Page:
Similarly, the US should not have distrusted and maltreated Pakistan because, without its wholehearted cooperation, peace is not possible. It should have acknowledged its huge sacrifices in a war it didn’t ask for, nor did it initiate. It should have lauded the efforts of Pakistan, the only country in the region to turn the tide against militancy – despite heaviest odds. It should not have prioritized Indian interests in Afghanistan over ours and pressured Pakistan to grant land access to India for trade with Afghanistan/CARs.   

 

The US must not forget that in the war against the Soviets in the 1980s, America spent billions of dollars destroying the region but practically did nothing to rebuild much of the destroyed basic infrastructure, forcing millions of Afghan refugees to flee to Pakistan where, according to UNHCR reports, approximately 1.38 million registered and one million unregistered remain sheltered to this day. The US callously overlooks the human and financial sacrifices Pakistan has made, including 70,000 war-related civilians and security forces injured or killed; and a financial loss of $ 120 million. 

Stable, peaceful and friendly Afghanistan is vital for Pakistan since it frees Pakistan of twin threat to its security and plays a part in dictating our relations with the US and India. It is with this end in view that earnest efforts have been made to appease the US-installed regime in Kabul which have so far borne no fruit mainly due to the role of spoilers. FM Qureshi visited Kabul on Sept 15 with the hope of melting the ice. He seems satisfied saying the visit was ‘advantageous’.     

 

Taking a cue from the frivolous statement of the US Ambassador in Kabul, Pakistan should remain vigilant that in its enthusiasm to melt the ice, it shouldn’t barter away national interests. Any concession to India regarding trade corridor should be linked with the resolution of Kashmir dispute and end to clandestine operations against Pakistan by India. 

What should be understood by Ashraf Ghani and Dr. Abdullah is that the war is unwinnable, and the only way to end the war is through a negotiated settlement with the Taliban. Pakistan can play a constructive role in the Afghan-led and Afghan-owned peace process and is in the best position to bring all sides together and work for a détente.

Pakistan’s efforts will be fruitful only if its sacrifices and good work are acknowledged and spoilers are kept aside. Except for India and Kabul regime and some hawks in US administration/Senate that have constantly poured scorn on Pakistan out of malice, the world comity including UNSC Monitoring Team, Global Terrorism Index and others have heaped praises.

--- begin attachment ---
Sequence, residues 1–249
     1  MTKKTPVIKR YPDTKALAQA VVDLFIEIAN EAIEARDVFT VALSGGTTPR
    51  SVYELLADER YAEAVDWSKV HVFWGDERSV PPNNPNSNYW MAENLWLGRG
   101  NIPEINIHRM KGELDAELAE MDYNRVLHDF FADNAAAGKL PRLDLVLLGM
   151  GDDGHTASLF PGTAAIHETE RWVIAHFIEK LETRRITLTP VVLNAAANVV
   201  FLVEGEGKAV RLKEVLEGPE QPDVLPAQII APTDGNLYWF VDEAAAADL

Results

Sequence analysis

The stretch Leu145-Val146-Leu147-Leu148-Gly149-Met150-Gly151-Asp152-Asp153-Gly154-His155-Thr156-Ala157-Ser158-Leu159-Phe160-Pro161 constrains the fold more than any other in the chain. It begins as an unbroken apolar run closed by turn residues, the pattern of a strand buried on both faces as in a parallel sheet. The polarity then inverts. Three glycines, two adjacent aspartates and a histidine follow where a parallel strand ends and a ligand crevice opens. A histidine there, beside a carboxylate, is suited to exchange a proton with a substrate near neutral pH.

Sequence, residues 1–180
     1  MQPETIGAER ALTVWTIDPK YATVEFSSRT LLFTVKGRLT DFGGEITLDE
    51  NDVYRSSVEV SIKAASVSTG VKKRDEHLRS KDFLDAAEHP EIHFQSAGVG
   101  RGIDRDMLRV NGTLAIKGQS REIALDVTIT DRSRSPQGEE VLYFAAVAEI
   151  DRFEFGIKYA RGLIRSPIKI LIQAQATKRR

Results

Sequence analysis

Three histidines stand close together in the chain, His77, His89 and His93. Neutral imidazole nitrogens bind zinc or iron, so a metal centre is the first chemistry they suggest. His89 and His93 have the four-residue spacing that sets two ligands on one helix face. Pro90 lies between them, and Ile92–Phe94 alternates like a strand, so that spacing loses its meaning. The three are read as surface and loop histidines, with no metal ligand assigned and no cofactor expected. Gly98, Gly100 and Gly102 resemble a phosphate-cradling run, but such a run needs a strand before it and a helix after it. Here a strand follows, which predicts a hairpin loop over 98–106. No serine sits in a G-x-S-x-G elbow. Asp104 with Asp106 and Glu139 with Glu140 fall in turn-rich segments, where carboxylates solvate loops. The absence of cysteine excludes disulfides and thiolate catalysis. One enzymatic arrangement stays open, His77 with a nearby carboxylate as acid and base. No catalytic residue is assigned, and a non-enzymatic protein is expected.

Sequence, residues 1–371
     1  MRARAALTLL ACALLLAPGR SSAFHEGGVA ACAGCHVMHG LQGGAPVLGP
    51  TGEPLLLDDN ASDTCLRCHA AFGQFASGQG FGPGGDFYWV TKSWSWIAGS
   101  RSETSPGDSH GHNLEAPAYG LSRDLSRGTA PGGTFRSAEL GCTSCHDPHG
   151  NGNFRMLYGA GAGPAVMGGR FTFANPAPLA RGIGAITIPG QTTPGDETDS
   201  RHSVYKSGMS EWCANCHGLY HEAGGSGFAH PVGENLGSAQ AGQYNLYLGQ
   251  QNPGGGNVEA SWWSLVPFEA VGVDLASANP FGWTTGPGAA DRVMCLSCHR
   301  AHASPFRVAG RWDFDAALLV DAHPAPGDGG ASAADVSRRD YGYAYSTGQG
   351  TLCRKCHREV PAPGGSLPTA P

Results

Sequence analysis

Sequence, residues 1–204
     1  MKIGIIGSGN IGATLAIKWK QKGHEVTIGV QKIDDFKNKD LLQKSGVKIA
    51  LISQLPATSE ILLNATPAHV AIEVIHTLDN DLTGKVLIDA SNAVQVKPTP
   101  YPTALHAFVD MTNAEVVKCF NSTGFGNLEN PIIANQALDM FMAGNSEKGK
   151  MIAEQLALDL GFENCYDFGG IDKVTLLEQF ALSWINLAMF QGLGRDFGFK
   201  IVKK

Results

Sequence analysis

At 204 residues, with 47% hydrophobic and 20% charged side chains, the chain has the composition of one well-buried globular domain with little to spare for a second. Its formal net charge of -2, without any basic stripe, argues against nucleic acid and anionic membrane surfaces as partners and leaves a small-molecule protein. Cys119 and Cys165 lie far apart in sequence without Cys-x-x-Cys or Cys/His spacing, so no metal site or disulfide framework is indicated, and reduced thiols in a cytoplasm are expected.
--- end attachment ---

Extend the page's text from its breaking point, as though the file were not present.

Pakistan will have to promote its counter-narrative cogently to convince the world that it played a lead role in the war on terror, was the biggest victim of terrorism, and has achieved the best results.

Pakistan should remain watchful of the designs of Indo-US-Afghan nexus, be prepared to take on the emerging threats of Daesh and Black Water, speed up fencing and return of refugees, deal effectively with internal enemies promoting foreign agenda and find ways and means to deal with the catastrophic effects of hybrid war attacking the homogeneity of the society.  

 

Factionalism within Taliban leadership and vested interests of the spoilers preclude the possibility of a big breakthrough in peace talks in 2018.

 

The writer is a retired Brigadier, a war veteran, defence analyst, columnist, author of five books, Vice Chairman Thinkers Forum Pakistan, Director Measac Research Centre, takes part in TV talk shows and seminars. asifharoonraja@gmail.com

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Trump’s Hydra-headed National Security Strategy   General Mirza Aslam Beg Former COAS Pakistan

Trump’s Hydra-headed National Security Strategy

 

General Mirza Aslam Beg

Former Chief of Army Staff, Pakistan

friendscolumn@hotmail.com

 

 

“Trump’s Security Strategy is a farce because it has no National Security Strategy.  It has outbursts.” – Roger Cohen

 

Trump’s outbursts grow from his notion of America First, where he merges his existence with passion, that defines his National Security Policy:

Protect homeland way of life; promote American prosperity; persevere peace through strength; advance American influence in the world; build India as a counterweight to China.

Trump strategy flows from the above policy. It is a hydra-headed strategy, targeting Palestine, Afghanistan, Iran, China, North Korea and Pakistan in particular

Palestine. Trump celebrates the 100 years of Balfour Declaration of 1917, which is a public statement issued by the British government during World War I, announcing support for the establishment of a “national home for the Jewish people” in Palestine, then an Ottoman region with a minority Jewish population. It read: